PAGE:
I remember doing a project in high school that involved making two choices—and writing about the how those choices would impact our lives 15 years in the future. We had to write a timeline detailing how each choice led to whatever the final outcome was. The choices I was assigned were about choosing a career after high school versus choosing to go to college. I examined each choice and did a pretty awesome project, even photoshopping photos of what my future self would look like 15 years from then.

When I was pregnant and trying to make a plan for my child, I often thought back on that project. In a way, what I was doing was the exact same. Looking at two choices, examining how those choices would affect me in the near and distant future, and determining which choice would ultimately lead to the desired long-term outcome.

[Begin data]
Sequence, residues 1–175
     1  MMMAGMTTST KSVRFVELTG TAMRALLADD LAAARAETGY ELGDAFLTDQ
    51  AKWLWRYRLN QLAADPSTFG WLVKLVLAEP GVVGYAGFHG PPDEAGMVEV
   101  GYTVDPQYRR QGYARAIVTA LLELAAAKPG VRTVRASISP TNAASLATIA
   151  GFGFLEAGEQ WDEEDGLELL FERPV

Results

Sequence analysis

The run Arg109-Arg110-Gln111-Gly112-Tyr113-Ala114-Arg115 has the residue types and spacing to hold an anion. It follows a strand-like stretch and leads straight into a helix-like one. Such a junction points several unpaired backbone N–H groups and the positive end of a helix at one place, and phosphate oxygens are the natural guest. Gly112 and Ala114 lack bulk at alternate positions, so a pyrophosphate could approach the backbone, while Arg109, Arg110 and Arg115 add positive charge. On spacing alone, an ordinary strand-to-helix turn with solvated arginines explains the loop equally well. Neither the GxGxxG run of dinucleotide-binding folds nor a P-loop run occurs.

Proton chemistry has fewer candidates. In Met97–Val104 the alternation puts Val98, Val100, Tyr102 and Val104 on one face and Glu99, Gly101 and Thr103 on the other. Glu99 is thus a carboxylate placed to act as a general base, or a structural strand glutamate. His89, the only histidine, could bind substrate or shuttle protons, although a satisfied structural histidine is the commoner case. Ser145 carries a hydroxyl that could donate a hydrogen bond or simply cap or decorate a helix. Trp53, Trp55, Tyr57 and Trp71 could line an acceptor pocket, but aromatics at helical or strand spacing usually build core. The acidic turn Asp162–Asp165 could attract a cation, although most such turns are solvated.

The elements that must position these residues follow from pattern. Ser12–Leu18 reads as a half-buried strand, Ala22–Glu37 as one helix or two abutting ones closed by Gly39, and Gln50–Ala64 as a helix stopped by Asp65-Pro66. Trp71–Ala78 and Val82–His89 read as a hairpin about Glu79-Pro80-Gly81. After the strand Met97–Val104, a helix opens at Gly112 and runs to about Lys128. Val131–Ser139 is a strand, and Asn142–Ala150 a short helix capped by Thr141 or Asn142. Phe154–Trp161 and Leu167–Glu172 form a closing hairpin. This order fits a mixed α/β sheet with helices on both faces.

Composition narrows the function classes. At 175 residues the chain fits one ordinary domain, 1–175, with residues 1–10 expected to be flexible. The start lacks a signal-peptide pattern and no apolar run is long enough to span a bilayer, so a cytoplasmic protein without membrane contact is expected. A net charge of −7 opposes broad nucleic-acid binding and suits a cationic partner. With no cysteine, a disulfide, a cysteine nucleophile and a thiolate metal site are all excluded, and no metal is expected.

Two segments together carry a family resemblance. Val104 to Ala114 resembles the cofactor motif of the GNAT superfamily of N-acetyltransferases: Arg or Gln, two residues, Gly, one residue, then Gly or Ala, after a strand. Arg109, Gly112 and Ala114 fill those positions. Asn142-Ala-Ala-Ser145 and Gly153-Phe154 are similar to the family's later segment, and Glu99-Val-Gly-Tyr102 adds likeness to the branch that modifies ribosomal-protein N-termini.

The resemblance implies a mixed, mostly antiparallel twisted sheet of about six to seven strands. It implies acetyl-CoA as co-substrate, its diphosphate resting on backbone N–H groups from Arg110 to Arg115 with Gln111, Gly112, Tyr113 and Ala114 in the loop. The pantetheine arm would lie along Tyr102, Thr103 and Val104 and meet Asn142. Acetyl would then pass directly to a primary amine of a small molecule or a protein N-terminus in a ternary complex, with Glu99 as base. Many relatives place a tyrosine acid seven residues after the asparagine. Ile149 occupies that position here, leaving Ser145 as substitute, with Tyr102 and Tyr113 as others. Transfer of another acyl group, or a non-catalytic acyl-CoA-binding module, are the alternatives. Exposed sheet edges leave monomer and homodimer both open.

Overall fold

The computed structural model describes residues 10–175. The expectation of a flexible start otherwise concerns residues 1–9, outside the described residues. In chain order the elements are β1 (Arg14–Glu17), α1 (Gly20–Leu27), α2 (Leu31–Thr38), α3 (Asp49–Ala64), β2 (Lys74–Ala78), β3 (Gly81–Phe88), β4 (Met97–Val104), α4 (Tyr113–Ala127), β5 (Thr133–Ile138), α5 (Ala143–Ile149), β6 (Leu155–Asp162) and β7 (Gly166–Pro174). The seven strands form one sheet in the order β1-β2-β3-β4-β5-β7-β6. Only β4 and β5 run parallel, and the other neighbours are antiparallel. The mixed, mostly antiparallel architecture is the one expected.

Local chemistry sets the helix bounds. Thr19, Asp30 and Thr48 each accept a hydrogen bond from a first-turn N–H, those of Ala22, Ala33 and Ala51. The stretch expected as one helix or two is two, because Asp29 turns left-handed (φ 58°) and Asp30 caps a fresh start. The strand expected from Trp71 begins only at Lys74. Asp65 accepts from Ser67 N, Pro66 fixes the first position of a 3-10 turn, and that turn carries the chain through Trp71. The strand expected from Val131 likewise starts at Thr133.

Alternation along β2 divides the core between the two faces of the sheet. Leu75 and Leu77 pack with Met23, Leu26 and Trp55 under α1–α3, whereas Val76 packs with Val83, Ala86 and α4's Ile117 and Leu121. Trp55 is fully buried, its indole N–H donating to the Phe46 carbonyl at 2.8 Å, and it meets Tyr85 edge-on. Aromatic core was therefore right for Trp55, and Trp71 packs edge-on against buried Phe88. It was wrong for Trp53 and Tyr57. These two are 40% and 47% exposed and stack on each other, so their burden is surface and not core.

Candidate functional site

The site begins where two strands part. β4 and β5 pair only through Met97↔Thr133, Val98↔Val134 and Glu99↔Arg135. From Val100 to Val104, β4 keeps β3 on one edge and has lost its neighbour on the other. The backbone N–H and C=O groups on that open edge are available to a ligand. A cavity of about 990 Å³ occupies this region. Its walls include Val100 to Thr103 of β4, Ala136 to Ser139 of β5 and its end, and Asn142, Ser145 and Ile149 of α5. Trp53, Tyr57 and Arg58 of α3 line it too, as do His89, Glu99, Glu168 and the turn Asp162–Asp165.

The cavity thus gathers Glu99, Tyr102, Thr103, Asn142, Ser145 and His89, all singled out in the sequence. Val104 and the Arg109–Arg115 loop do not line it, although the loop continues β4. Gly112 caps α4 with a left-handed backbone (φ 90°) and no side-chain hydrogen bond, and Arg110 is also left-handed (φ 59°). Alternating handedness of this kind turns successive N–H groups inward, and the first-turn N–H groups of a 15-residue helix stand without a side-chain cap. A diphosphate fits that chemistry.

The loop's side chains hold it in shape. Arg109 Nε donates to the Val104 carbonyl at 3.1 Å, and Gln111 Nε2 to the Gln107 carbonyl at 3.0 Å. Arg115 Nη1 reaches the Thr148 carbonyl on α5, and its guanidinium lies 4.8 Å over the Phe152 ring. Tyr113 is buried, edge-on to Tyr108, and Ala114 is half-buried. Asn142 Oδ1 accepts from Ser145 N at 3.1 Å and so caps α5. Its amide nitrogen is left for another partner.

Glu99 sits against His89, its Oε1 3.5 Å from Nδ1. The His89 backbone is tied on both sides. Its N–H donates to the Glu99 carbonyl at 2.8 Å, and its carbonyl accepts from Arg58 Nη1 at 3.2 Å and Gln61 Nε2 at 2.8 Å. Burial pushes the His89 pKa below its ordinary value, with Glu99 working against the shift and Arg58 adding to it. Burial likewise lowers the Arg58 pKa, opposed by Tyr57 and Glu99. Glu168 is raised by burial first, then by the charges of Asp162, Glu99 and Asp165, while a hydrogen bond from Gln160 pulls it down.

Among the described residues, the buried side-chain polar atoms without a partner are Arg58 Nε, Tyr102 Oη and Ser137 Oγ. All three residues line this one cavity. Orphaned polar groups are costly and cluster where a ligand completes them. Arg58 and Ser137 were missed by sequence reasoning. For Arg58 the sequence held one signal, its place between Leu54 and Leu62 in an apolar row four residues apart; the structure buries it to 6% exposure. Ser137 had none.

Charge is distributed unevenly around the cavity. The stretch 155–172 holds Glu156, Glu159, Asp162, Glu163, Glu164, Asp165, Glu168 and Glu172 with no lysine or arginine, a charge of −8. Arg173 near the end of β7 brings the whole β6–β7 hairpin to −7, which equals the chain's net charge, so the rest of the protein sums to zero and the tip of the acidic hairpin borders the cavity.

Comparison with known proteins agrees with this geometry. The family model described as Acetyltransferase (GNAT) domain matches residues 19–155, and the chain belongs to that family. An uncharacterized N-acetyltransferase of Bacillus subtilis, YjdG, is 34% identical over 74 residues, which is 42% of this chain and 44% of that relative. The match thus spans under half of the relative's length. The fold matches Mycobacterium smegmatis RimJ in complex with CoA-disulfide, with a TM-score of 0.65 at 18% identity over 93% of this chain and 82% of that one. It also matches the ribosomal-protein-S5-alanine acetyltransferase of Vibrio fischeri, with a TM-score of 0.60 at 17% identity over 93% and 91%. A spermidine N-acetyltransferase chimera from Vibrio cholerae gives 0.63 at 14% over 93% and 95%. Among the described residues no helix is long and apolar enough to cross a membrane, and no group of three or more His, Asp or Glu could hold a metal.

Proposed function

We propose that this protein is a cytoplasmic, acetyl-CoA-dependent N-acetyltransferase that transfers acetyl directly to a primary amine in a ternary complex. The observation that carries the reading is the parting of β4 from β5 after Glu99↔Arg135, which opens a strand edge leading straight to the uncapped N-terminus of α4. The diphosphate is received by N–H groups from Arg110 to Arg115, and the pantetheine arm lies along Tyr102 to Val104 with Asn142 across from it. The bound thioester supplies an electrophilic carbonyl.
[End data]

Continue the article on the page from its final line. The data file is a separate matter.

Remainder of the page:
Because abortion was not even an option for me, my caseworker strongly encouraged making a parenting plan first, and early. She wanted me to be as prepared as possible and to have access to all of the resources I would need, should I choose to parent.

My parenting plan looked a little something likes this: 

Live with my mom and step-dad, work full-time as a pizza delivery driver, and put as much into savings as possible up until baby was born. (My goal was $5,000, or $500 available in savings every month to cover costs of baby for the first 10 months.) Hopefully from the beginning I would be able to NOT use savings and could live off my income alone, but I wanted a buffer just in case. I was very blessed to be double-insured, and knew that I could qualify to have my baby on Medicaid or CHIP from the very beginning.

Once baby was born, I would keep baby in my room indefinitely and go back to work as soon as possible (6 weeks was my anticipated maternity leave, since I knew I wouldn’t be able to afford more than that). Many people in my life had offered to assist with tending my baby while I worked and/or went to school, and I talked to five of them to be sure that between them and my mom, I would always have someone available to watch him. Everything seemed to be working out.